This was pretty easy to see many months ago.....but I was hoping that no sane nation would  let  it  happen to itself.  But after Iraq, my view on what a nation  could do  reached  limitless  bounds.

Now instead of attacking  a  foreign country, we are  committing economic terrorism against  ourselves.....and the people don't know it yet.

It likely will not be long now....when people get their statements showing negative rates of return on their savings.....guess what is going to happen?

The battle  has begun......but Alstry will never run.......

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#4) On December 18, 2008 at 12:52 AM, alstry (< 20) wrote:

A HARSH DOSE OF REALITY!!!!!!!!!!!!!!!!!!!!!!!!!!

An estimated 12 million Americans owe more on their home loans than their houses' current value, unemployment is still rising quickly, and foreclosures are soaring.

For people whose home values have plunged, "I could have a 1 percent interest rate, but it wouldn't help them," said Michael Maynard, a mortgage broker in Branford, Conn.

"People losing their homes aren't losing their homes because they can't get a 6 percent mortgage," Maynard said. "They're not qualifying at all."


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#5) On December 18, 2008 at 1:11 AM, Option1307 (30.65) wrote:

I hate that you are right, I know you do too...Times are going to get very interesting. Best of luck to all.

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#6) On December 18, 2008 at 1:11 AM, alstry (< 20) wrote:


As the holiday season commences, it’s worth taking stock of the last gift that President George W. Bush and the 110th Congress have left for U.S. taxpayers.

It’s a package of about $8.7 trillion dollars’ worth of potential taxpayer commitments for loans, guarantees and other bailout goodies for businesses and distressed homeowners.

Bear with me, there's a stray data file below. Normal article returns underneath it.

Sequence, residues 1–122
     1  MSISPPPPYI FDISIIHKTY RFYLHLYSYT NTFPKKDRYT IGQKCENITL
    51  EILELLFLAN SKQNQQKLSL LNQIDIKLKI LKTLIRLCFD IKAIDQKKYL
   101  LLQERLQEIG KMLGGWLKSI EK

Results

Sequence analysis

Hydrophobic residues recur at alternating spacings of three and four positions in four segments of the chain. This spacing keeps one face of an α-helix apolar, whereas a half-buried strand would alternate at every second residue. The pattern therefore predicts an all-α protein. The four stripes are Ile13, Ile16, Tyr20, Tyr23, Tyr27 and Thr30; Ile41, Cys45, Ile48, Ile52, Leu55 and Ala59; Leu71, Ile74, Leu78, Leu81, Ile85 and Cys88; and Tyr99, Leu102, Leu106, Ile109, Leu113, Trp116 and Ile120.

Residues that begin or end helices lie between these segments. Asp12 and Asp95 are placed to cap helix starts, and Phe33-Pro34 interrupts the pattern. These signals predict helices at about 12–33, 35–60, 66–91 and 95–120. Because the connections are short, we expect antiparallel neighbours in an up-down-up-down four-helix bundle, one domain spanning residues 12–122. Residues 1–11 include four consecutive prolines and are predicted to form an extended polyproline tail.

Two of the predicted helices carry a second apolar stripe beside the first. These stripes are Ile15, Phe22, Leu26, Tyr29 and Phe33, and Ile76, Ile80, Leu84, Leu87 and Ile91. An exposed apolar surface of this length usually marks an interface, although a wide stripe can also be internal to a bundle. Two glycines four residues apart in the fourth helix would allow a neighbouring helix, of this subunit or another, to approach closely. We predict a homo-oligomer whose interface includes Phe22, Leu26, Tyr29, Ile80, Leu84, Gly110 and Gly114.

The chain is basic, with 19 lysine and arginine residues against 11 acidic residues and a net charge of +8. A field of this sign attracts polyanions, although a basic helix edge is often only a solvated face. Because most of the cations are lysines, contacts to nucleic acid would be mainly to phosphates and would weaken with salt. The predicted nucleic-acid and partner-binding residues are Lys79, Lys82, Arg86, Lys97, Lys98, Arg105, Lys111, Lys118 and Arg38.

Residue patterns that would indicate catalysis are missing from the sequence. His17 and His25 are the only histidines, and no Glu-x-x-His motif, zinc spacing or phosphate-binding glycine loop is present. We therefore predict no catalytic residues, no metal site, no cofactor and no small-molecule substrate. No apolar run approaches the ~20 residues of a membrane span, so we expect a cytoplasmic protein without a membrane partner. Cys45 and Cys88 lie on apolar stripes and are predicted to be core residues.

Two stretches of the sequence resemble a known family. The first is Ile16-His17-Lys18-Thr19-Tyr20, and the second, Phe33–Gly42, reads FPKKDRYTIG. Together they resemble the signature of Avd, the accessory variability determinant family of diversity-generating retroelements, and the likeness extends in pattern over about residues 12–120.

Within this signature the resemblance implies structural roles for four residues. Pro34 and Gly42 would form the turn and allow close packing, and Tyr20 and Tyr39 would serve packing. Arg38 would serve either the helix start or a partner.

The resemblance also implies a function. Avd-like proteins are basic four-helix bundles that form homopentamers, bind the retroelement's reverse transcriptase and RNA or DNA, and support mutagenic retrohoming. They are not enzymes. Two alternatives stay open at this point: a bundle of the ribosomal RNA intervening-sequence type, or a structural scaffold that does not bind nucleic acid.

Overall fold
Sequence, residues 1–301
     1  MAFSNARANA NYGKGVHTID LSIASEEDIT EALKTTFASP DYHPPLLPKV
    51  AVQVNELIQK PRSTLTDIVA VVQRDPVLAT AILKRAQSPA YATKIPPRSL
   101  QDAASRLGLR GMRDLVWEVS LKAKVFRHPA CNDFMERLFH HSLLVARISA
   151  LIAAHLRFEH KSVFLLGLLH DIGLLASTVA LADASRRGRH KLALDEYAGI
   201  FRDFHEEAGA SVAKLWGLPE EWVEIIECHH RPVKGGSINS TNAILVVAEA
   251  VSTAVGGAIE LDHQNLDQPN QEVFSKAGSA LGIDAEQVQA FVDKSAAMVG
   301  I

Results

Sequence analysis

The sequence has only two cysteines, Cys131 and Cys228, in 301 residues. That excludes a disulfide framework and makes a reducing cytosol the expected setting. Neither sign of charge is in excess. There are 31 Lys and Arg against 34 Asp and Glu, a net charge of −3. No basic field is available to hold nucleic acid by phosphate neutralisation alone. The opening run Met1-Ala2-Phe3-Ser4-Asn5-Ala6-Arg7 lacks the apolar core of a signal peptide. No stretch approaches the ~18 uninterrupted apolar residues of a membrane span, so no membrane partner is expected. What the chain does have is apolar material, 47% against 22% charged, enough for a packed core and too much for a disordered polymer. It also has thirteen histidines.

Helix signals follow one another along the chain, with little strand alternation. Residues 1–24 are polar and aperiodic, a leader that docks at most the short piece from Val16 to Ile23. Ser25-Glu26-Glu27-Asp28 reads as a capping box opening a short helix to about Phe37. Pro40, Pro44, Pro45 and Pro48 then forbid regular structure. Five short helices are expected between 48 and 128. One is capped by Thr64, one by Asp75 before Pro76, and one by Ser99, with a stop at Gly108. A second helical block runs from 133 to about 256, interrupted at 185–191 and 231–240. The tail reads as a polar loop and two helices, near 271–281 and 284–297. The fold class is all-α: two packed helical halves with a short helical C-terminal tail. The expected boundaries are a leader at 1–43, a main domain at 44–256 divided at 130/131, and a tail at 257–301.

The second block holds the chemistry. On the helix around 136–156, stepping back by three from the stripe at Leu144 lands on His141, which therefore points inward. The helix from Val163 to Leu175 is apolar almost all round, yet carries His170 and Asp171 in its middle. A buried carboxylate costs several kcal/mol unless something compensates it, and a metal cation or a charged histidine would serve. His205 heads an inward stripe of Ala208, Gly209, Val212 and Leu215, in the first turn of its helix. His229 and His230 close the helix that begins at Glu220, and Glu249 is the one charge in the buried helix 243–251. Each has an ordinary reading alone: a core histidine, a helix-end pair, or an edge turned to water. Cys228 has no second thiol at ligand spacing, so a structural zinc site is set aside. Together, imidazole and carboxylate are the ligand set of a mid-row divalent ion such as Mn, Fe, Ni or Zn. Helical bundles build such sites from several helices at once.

There is only about $12 Trillion in total mortgage debt.  Of that, only about  10% of mortgages are in trouble.  We could have fully paid off the troubled mortgages, prevented EVERY foreclosure, and still had  about $7 Trillion left to "stimulate" the economy.

The people would have been better off with disposable income ot spend  in the economy, the banks would have had good loans  on the  books, the mortgage market would  not have collapsed, and home prices would have held stronger value.  A pretty simple concept if you think about  it.

Think about that for a second when you think about the actions taken.  Makes one think who is on whose side?

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#7) On December 18, 2008 at 1:21 AM, DemonDoug (31.42) wrote:

alstry, your dollar is worthless scenario would mean hyperinflation - does that mean you believe that's where it's headed?  A sudden stop of foreign inflows leading to a rapid hyperinflation?

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#8) On December 18, 2008 at 1:23 AM, DemonDoug (31.42) wrote:

and i agree alstry - the bailout is more about AIG and propping up a failed system than saving the average american.


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#9) On December 18, 2008 at 1:33 AM, alstry (< 20) wrote:


It all depends on what foreign governments do to offset our behavior.

It is very ominous times right now on a variety of levels.

Which way this ultimately goes is anyone's guess, but right now the direction sucks.

Just wait until the press release just after the New Year.

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#10) On December 18, 2008 at 1:52 AM, 292972826 wrote:

I completely disagree with your opinion.


And to prove you wrong, let's go back to the fundamental of this crisis.

This crisis is a credit crisis, the creditor finally figure out that nobody are going to pay them the fees that there were expecting, even worst they are losing money.

So with lender unwilling to lend, you end up closing all the under-performing industry.